Graphics Card Not Detected? 10 Fixes to Try:
your GPU (Graphics Processing Unit) The card has stopped working for no apparent reason, or you have installed a brand new GPU, and when you turn on your computer – nothing happens.
For some reason, your computer is not detecting your graphics card. These tips may have the answer to finding out why.
1. Check Monitor Connection
The first and easiest solution is to check if your monitor connection is in order. Here’s what to do:
- Check that the monitor cable is connected to the graphics card and not the integrated GPU port on the motherboard. This is a common mistake!
- Next, make sure the monitor is set to use the correct input. For example, you might be plugged in HDMI 2 When the monitor is set to HDMI 1.
- Try different outputs on your GPU as well. It may have multiple HDMI or other outputs, one of which is the primary.
You should also double check if the monitor is in good condition if you are not sure. It is also prudent to check the cable for damage.
2. Put the Old Card Back
If you installed the new card before the problem started, put the old card back in to make sure it still works. If the old card also suddenly doesn’t work, it points to a problem other than your new GPU. If the old card works, it means you can focus on the new GPU as your target for troubleshooting.
3. Try the card in another computer (and update its firmware)
If you’re lucky enough to have access to another suitable computer, try your new GPU in that machine. If it works, it suggests an incompatibility between your computer’s motherboard and the GPU.
We’ll tackle the motherboard side of the problem shortly, but when your GPU is working in a surrogate computer, try updating its firmware to resolve known compatibility issues.
If you don’t have a surrogate computer, you may want to contact a local computer technician with a test bench to update. Check online if a new firmware update has been released. There will also be a list of fixes for each new firmware revision.
4. Is the card sitting in the correct slot?
When you’re rooting inside your computer, it’s a good idea to make sure your card is installed properly or that it hasn’t come undone in some way. In other words, is it sitting in its slot correctly? Is it in the primary PCIe slot? Are all power connectors connected correctly?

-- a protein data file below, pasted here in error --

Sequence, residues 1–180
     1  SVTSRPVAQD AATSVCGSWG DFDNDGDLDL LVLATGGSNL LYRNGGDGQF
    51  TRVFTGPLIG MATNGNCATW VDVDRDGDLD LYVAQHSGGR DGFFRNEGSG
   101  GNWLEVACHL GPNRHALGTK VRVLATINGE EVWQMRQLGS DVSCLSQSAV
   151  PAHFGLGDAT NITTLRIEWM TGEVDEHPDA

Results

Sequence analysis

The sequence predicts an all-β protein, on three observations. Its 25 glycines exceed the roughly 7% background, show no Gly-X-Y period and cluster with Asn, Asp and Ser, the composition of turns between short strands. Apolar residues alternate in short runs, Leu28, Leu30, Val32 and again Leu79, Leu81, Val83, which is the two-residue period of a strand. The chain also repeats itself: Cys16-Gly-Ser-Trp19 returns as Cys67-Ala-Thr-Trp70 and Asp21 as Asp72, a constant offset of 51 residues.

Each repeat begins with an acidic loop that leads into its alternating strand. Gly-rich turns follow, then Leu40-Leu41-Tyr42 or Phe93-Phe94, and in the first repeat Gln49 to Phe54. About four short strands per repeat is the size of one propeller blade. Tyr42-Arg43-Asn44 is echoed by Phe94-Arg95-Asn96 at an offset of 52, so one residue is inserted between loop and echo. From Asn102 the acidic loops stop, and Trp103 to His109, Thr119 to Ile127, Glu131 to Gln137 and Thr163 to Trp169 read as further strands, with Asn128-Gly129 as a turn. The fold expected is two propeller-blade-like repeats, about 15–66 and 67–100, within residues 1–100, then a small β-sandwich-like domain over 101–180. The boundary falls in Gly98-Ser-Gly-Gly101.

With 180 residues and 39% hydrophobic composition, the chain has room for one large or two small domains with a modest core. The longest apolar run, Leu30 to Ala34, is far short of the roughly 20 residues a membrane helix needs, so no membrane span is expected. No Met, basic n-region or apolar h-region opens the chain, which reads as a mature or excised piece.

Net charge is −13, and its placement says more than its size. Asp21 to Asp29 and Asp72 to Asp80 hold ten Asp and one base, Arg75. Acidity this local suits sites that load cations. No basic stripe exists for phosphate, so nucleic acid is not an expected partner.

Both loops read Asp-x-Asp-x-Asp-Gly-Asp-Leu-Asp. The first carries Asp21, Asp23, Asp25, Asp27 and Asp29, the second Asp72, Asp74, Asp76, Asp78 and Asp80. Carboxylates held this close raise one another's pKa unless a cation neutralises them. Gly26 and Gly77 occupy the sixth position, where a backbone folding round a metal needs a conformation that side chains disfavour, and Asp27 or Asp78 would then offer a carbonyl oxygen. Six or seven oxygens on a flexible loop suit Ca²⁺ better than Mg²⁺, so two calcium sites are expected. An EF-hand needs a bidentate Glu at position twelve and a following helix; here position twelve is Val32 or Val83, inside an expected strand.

5. Does the card power up?
Most discrete GPU cards nowadays have an active cooling system with fans. So as soon as your computer starts, the fan on the card should start spinning. Many modern cards also have lights, which can be another sign that there is no power.
If neither the fan nor the light works, this may indicate that the card is not receiving power. If you have everything plugged in and the card does not turn on, it may be faulty. Refer to the section on Testing the card in a surrogate computer or contact the manufacturer.
6. Is your PSU strong enough?
Each card requires a specific amount of electricity to function. If your computer can’t provide enough power to it, it may not be detected at all.
Power requirements are mentioned in the card’s documentation and website, but that’s not the whole story. Those requirements are minimum estimates, not exact specifications.
The power available to the GPU depends on how much power the other components of your computer require. use power supply calculator To get a more accurate picture of how powerful your power supply should be. Also, keep in mind that the GPU has specific wattage requirements and requires substantial amperage.
7. Run DDU to Remove Outdated Drivers
Get back into Windows with a good card reinstall or switch your computer to its integrated GPU if it has one. Once there, download DDU, display driver uninstaller. Run the program, and it will remove every trace of your old card’s drivers.
This is a good solution even when the new card works physically but is only found in Windows as a generic GPU. Once you have cleared the old driver from the system, reinstall the problematic GPU and then install a fresh copy of its latest driver from the manufacturer’s website.
8. Check Your BIOS Settings
Sometimes the GPU is not initialized because the computer’s BIOS is not set correctly. Each computer has a different key that you need to press at boot time to enter the BIOS (or UEFI in modern computers) as it varies from computer to computer. Check your computer’s documentation for exact steps. This is usually the Delete or F2 key, but it can be anything.
In your BIOS, look for a setting to boot a computer with the card in the PCIe slot as your primary GPU. There may be other similar settings because no two BIOS menus look the same. The idea is to make sure that the computer uses the correct GPU and not the integrated one.
9. Update Your BIOS
Above, we mentioned that you should consider updating the firmware of the card if there is an incompatibility with your motherboard. You can say the same for your motherboard.
check out Should I Update My BIOS? How to check if someone is needed For the information you need to make sure your motherboard firmware is up to date.
10. Check the card for physical problems
The last trick we can provide to help you fix your unknown card problem is to physically inspect the card. Is the heatsink connected properly? Are there any screws or parts missing? Do any components on the card show scorch marks? Do some capacitors look swollen?
It’s a long shot, but if you see any visible damage, you probably won’t have any more luck with the card. Replace, take it to a technician or return it if it is still under warranty.
Hopefully, your card hasn’t been physically damaged, and one of the troubleshooting tips above got it working again.